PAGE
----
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The best and worst toilet paper

From the best budget buy to the softest recycled roll, here are the best and the worst from our toilet paper tests.

best and worst toilet paper
Last updated: 02 February 2022

Two ply or three? Double length or triple? Patterned or embossed? Recycled or bamboo? Since when did toilet paper become so complicated?

If you regularly find yourself caught like a deer in headlights in the toilet paper aisle, you're not alone. 

So here's a handy round-up of the best and worst performers in our latest toilet paper review. Plus, we'll settle the debate of whether you should hang your toilet paper over or under – once and for all.

On a roll: the best toilet paper

icare double length tissue 3 ply

icare Double Length: top scorer.

The top-scoring toilet paper

icare Double Length

  • CHOICE Expert Rating: 75%
  • Price: 30c/100 sheets. 

There wasn't much between the top seven toilet papers, with all of the products we recommend getting CHOICE Expert Ratings of between 72% and 75%.

But there is a price difference between these products, so if you're on a budget you can comfortably opt for the cheaper option while still getting excellent performance.

The top-performing toilet paper we recommend is a great example of this. Costing just 30c per 100 sheets, it outscored products costing more than twice as much. Plus, it's Australian made and owned, and made from 100% recycled paper – so you don't need to spend extra for a clear environmental conscience!

coles so soft strong double length 3 ply

Coles So Soft & Strong Double Length 3 Ply: best on a budget.

Best budget buy

Coles So Soft & Strong Double Length 3 Ply

  • CHOICE Expert Rating: 73%
  • Price: 24c/100 sheets. 

The supermarket ranges fared surprisingly well in our tests, with Woolworths, Coles and Aldi products all scoring over 70%. 

Although Woolworths' Essentials Recycled Toilet Tissue 1 Ply was technically the cheapest product we tested (costing just 12c/100 sheets), it didn't score well on the puncture test, which measures how likely your finger is to go through the toilet paper. So while it might be cheap, it's safe to say that using it could be risky. 

This Coles toilet paper hits the sweet spot between performance and price. You can certainly buy cheaper products, but this one will give you the best bang for your buck. (Or should that be butt?)

icare double length tissue 3 ply

icare Double Length Tissue 3 Ply: softly does it.

Softest recycled toilet paper

icare Double Length Tissue 3 Ply

  • CHOICE Expert Rating: 75%
  • Softness score: 90%
  • Price: 30c/100 sheets. 

Yes, you read that right: icare appears twice in this list, first for top score and then for softest recycled toilet paper. 

Recycled toilet paper doesn't traditionally have a great reputation for softness or quality. "Toilet paper that's kind to the planet may not be kind to your behind," says Ashley Iredale, CHOICE's resident toilet paper expert.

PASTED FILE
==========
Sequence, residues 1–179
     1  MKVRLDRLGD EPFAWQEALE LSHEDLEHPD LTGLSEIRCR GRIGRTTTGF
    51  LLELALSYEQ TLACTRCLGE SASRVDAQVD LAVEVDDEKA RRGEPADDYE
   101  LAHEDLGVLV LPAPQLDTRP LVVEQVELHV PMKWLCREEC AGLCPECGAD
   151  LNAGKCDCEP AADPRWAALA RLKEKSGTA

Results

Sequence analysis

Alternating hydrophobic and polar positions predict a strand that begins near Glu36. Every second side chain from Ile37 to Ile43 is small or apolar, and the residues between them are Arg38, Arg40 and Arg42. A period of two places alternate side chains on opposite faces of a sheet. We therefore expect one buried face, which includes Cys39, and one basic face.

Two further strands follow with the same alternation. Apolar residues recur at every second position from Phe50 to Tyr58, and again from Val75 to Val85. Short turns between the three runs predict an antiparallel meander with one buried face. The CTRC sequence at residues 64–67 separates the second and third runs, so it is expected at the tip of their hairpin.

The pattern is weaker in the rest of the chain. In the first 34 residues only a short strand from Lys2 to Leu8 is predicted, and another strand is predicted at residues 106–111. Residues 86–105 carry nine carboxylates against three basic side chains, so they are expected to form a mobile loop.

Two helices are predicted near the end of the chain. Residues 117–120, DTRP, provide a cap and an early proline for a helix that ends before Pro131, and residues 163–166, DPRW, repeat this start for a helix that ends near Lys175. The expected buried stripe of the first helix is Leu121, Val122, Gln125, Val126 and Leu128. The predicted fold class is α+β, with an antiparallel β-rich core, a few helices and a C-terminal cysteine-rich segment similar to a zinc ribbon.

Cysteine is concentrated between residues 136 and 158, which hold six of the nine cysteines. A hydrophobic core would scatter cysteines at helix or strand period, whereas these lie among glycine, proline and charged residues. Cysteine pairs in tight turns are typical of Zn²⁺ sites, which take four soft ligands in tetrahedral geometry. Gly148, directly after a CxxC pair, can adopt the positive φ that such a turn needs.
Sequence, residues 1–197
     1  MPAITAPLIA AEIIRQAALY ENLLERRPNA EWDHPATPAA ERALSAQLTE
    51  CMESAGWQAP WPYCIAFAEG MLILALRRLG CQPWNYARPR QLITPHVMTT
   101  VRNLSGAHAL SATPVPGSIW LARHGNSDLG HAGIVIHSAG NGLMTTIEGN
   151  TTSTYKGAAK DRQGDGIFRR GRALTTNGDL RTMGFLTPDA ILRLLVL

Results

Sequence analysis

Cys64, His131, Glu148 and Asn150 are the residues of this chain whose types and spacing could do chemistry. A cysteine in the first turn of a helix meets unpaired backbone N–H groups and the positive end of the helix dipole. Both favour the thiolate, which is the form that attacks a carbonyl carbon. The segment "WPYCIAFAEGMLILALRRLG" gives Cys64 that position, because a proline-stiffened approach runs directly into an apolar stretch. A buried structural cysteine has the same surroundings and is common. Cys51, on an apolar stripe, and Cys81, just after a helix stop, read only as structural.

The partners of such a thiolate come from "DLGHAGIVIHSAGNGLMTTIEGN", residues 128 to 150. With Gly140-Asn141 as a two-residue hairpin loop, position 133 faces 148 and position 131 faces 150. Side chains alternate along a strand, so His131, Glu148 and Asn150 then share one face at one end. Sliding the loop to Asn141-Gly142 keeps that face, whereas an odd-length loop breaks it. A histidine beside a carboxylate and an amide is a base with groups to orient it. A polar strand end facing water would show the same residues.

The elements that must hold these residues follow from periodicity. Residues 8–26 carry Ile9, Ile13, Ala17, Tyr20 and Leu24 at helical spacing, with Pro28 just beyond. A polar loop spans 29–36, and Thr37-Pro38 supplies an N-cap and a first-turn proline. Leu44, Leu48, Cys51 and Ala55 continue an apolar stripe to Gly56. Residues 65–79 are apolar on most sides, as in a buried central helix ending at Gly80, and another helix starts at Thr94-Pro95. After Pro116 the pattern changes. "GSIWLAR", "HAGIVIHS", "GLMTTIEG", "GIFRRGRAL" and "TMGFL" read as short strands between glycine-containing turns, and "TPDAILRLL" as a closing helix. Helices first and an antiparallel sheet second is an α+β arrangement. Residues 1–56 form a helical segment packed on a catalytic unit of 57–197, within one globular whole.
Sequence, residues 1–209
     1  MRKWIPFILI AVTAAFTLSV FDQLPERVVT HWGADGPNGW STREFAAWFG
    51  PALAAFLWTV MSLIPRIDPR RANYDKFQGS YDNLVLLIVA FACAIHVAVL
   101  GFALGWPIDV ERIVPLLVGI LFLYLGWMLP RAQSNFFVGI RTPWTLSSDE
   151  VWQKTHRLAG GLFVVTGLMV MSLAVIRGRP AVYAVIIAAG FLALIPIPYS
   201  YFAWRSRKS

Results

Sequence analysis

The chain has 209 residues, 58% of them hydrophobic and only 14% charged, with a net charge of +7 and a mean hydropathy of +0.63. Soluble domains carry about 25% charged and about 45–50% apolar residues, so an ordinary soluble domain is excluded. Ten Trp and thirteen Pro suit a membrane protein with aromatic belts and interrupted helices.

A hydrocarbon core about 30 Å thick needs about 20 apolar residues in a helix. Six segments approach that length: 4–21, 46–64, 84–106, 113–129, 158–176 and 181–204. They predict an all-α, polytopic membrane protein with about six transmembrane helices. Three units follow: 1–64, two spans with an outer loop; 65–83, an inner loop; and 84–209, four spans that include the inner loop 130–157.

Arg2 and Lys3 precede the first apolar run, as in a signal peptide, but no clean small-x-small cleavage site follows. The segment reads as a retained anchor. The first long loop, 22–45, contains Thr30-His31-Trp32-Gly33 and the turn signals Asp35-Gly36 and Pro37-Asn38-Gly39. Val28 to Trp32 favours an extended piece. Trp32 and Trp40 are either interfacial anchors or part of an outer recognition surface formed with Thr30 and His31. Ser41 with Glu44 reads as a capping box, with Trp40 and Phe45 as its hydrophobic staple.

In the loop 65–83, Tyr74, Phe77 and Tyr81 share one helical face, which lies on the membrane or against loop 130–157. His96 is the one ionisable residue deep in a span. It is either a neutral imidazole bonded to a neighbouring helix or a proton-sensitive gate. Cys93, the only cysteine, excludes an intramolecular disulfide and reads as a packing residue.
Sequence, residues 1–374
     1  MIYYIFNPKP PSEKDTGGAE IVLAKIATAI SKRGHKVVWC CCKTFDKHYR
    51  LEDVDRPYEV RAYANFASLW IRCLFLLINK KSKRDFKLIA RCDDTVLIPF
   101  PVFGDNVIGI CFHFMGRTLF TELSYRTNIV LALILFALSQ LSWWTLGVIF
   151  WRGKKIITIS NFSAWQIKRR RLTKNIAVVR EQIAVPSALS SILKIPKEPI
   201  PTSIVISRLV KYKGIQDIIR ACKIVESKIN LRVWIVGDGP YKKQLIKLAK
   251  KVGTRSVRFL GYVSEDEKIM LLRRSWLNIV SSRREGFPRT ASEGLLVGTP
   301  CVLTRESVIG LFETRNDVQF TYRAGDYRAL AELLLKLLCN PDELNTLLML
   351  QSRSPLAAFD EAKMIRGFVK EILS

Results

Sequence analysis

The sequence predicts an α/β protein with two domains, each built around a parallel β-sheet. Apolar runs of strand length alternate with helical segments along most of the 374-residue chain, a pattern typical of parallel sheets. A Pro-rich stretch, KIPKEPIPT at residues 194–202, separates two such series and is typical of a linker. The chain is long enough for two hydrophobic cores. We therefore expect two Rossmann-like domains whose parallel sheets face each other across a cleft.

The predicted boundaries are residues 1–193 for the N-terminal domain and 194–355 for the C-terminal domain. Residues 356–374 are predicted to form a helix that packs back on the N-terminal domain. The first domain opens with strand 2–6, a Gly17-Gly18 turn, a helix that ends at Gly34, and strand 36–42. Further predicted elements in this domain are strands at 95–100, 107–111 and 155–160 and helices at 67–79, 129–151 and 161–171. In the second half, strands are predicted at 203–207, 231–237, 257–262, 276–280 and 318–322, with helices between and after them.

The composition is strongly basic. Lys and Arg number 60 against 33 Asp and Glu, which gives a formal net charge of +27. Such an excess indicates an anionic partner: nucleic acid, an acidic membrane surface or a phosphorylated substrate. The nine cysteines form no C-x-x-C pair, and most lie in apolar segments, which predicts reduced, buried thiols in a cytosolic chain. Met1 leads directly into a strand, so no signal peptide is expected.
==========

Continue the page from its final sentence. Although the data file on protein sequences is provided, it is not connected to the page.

But icare well and truly defies the stereotype, scoring 90% for softness – the highest score in our test. In fact, it's even softer than premium toilet papers that tout softness as one of their defining features, not to mention costing twice the price.

A pain in the bum: the worst toilet paper 

sorbent gold king size 3 ply

Sorbent Gold King Size 3 Ply: hardly toilet-paper royalty.

These are the lowest scoring products from our toilet paper test, along with their CHOICE Expert Ratings:

  • Sorbent Gold King Size 3 Ply (47%)
  • Aldi Confidence Hypoallergenic Toilet Tissue 2 Ply (49%)
  • Coles So Soft & Strong Hypoallergenic 3 Ply (50%).

If you have a sensitive sewage system at home, you'll probably want to give these a miss. All three products scored an abominable 0% on our disintegration test. 

The Aldi product scored a scratchy 55% for softness, but it did perform well in terms of separation (how easy it is to tear the toilet paper at the perforation). 

And although Coles' standard So Soft & Strong product was one of the top budget performers, this hypoallergenic version really bombed out – which just goes to show how a small change in formulation can have a big impact. 

To make sure you're picking up the best roll, check our toilet paper reviews before you buy. 

The age-old question: over or under?

We have a conclusive answer to the controversial question of whether to hang your toilet paper over or under the roll. At risk of permanently losing members, we're here to answer it once and for all: over is the correct method.

toilet paper patent-1 illustration

Seth Wheeler took toilet roll very seriously.

Perforated toilet paper was invented in 1871 by US inventor Seth Wheeler (not to be confused with Seth Wheeler the US businessman and former policy adviser to both the Bush and Obama administrations). He subsequently re-patented his invention in roll form in 1891. 

His patent application includes detailed diagrams that clearly show the paper going up and over the roll, not under. 

So placing your toilet paper overhand is using this wonder product precisely as its creator intended.

Don't agree? Tell us why in the comments section below. 

We care about accuracy. See something that's not quite right in this article? Let us know or read more about fact-checking at CHOICE.